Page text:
Two recent incidents prompted me to contemplate women’s issues. First, a brilliant 10-year-old girl contacted my son to criticize his online newspaper. To her, there were too many science articles. In the second incident, while I was standing in a checkout line of six women, a man approached asking where the end of the line was located. After learning it was behind the sixth customer, he rudely demanded a second cashier. When an additional lane opened, he scooted into it, in front of all the women. What gave the 10-year-old girl a voice but not the women standing in the grocery store line? How can all women develop a confident and forceful voice to advocate for equal social and professional positions in this world? As individuals, how can we help achieve equity and equality in what we say and do?
As the newly appointed chair of the American Chemical Society Women Chemists Committee (WCC), I want to focus on empowering women. The committee’s mission is to attract, retain, develop, promote, and advocate for women to positively impact diversity, equity, and inclusion in the American Chemical Society as well as in the profession.
WCC offers many avenues to develop career opportunities and draw attention to the work done by women chemists. Through webinars and technical programming, WCC encourages individuals to share their stories—such as how to promote oneself at work—and it organizes symposia at national meetings where women chemists can present their research. WCC presents awards to undergraduates, graduate students, and midcareer scientists to empower them to continue in their chosen career paths. Participating in or developing local section WCCs offers women chemists an opportunity to network and advocate for themselves. Being part of WCC means that you are representing women in chemistry and that you are someone who strives to achieve equity and recognition for all. Yet, with all these opportunities, inequity is still present in our society, and the mission of WCC is not complete.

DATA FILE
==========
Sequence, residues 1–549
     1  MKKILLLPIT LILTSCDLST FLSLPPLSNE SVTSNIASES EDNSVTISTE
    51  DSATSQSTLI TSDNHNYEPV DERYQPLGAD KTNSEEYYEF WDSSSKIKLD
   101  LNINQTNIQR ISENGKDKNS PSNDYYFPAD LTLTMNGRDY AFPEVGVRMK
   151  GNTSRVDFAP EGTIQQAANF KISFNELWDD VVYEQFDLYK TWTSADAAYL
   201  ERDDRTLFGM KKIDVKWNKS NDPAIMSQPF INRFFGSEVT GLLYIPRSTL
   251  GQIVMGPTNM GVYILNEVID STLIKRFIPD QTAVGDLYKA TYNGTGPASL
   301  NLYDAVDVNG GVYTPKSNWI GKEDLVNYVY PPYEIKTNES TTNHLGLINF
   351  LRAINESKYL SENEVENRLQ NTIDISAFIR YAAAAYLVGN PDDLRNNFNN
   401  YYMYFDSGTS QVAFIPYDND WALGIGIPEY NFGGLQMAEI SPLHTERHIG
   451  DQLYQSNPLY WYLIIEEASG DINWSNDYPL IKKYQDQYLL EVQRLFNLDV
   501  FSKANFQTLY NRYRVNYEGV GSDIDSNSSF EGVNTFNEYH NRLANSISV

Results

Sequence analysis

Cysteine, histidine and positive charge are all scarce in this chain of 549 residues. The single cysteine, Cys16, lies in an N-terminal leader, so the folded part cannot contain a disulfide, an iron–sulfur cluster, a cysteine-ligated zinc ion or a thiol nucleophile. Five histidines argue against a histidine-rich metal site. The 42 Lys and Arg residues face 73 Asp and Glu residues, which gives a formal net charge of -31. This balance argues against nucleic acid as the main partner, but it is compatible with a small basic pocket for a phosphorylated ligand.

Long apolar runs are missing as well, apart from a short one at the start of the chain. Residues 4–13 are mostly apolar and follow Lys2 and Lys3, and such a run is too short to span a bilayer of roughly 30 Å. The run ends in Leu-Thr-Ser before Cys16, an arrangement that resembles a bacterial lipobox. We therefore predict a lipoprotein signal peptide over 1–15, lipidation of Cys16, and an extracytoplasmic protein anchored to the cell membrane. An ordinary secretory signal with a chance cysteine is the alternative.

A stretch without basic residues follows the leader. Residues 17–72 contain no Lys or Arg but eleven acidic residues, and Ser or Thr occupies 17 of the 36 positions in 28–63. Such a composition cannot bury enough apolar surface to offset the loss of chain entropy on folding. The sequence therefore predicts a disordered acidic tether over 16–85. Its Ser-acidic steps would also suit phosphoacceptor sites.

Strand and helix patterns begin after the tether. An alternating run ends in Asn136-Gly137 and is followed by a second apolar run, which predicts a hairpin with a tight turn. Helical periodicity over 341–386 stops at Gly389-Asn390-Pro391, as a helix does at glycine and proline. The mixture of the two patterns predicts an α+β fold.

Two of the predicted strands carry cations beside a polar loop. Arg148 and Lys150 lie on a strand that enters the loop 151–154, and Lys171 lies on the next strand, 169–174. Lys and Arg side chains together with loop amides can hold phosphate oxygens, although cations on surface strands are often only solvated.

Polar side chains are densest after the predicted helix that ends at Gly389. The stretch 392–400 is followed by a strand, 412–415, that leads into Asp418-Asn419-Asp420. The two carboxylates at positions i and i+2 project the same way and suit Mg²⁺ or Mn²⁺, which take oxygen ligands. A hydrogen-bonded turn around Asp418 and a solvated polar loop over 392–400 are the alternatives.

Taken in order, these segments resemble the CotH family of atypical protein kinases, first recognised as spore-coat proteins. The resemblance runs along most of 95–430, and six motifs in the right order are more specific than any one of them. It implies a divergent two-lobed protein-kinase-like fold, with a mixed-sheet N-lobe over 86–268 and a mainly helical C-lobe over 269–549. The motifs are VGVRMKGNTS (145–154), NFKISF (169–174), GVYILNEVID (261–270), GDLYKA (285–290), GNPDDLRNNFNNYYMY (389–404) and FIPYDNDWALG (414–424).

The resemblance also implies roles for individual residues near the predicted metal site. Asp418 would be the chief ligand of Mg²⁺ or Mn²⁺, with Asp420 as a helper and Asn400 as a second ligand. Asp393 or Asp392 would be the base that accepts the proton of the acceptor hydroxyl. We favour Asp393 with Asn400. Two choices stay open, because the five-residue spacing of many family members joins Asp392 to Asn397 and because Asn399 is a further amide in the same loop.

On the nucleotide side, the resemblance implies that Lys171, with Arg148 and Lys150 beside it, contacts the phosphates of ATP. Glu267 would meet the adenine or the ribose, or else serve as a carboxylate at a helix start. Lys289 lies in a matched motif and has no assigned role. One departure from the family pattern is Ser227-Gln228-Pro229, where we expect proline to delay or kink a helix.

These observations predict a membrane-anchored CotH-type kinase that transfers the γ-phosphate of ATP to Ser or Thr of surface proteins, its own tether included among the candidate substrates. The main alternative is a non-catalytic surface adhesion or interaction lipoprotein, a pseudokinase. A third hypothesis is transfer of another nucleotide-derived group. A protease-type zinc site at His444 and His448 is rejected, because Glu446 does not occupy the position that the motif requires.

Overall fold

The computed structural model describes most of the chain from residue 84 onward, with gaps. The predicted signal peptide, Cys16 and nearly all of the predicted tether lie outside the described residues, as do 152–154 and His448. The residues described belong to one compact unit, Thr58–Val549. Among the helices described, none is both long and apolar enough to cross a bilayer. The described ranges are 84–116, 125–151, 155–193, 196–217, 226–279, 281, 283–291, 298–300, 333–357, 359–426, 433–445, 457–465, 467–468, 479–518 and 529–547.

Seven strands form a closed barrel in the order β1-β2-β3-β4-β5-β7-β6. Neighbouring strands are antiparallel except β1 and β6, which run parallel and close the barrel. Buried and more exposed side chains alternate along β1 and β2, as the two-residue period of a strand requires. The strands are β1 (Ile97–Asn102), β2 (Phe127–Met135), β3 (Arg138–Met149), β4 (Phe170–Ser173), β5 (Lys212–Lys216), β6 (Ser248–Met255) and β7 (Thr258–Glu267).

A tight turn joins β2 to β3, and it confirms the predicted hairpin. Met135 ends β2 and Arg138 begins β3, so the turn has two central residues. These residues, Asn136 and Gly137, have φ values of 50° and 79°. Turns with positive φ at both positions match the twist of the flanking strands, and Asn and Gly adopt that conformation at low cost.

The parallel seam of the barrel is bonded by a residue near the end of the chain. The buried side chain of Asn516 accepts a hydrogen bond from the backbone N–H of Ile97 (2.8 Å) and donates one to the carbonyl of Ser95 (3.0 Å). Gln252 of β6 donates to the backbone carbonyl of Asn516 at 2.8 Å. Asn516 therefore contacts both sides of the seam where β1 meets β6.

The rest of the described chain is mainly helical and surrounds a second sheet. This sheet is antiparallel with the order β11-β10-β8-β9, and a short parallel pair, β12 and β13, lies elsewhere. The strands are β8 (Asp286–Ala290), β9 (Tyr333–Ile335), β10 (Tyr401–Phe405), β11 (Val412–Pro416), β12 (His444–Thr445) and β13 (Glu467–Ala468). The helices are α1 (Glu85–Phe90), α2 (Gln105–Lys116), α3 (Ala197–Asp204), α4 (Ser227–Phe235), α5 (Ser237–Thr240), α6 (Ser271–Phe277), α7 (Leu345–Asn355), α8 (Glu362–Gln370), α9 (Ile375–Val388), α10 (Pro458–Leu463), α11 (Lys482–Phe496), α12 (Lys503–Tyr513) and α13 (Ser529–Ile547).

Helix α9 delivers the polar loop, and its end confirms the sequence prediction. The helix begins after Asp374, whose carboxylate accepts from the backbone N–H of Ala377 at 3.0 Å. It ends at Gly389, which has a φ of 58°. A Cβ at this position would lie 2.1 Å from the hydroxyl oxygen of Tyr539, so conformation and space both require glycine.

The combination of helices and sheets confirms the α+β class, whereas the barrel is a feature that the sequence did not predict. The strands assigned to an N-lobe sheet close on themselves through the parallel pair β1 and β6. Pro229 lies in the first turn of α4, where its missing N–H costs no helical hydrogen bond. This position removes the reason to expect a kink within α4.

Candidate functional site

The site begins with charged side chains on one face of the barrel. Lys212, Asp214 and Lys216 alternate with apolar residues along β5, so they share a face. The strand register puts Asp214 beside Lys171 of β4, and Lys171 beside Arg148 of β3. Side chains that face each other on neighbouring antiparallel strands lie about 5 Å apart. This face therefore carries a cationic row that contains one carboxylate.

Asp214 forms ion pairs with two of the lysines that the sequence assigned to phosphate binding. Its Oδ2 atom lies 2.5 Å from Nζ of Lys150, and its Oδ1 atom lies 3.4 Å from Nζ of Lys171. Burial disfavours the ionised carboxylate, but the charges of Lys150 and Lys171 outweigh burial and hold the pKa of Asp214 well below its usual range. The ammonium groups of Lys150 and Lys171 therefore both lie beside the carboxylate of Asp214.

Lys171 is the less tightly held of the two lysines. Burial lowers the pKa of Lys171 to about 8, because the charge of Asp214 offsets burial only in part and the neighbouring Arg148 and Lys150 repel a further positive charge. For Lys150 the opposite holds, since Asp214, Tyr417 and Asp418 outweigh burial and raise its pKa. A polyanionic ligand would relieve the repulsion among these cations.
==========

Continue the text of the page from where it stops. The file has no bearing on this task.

As we celebrate International Women’s Day on March 8, I challenge you to do more to help create a true transformation for women. Achieving change requires initiating and implementing forward-thinking policies and programs that may upset the status quo but are needed for progress. Our world needs individuals who are passionate about chemistry, open minded to new ways of doing things, willing to take responsibility, respectful of other opinions, and eager to learn. Women have a unique and powerful perspective to bring to our society and to our profession. By harnessing the strength of women from underrepresented groups, we can unify into a powerful voice.
Here are some suggestions on how we can implement change together.
▸ Women must continue to tell their stories. We must share our experiences so that we can offer suggestions on how to improve women’s lives, and we should counsel others to join the momentum toward change. WCC can offer a forum for these stories. With its policy of inclusion, the committee welcomes people of every color, creed, and profession.
▸ Women can and must recognize their economic power. According to the 2020 ACS Women in the Workplace study, more than 2 million women have considered leaving their professions because of burnout, performance expectations, and time management issues. This attrition could have a dramatic impact on the economy. Rather than letting women fade from the field, let us unite our voices to endorse inclusivity, respect, and equality.
▸ We can empower all women to fully participate in the redistribution of social and economic dominance using knowledge, skills, and confidence gained through education. As chemists, we can package scientific information in ways that are accessible to everybody. We can create an environment that provides the skills necessary to empower women.
During the pandemic, some women have struggled to juggle home and work given day-care and school closures and other challenges, and they have begun to question their role in the workplace. Let us emerge from quarantine seizing every opportunity to help women find their voice. Let us create an image of what the world should be and craft a plan to attain diversity, equity, and inclusion in the postpandemic world. Empowered women can effect change that leads to growth.
I challenge you to join WCC as we amplify women’s voices. Contact me at firstname.lastname@example.org to start the conversation.
Views expressed are those of the author and not necessarily those of C&EN or ACS.